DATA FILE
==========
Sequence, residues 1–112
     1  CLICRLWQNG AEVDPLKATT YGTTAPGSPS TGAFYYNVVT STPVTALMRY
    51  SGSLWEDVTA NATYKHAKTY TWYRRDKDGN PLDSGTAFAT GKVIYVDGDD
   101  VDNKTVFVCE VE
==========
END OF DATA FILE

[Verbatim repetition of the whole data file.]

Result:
Sequence, residues 1–112
     1  CLICRLWQNG AEVDPLKATT YGTTAPGSPS TGAFYYNVVT STPVTALMRY
    51  SGSLWEDVTA NATYKHAKTY TWYRRDKDGN PLDSGTAFAT GKVIYVDGDD
   101  VDNKTVFVCE VE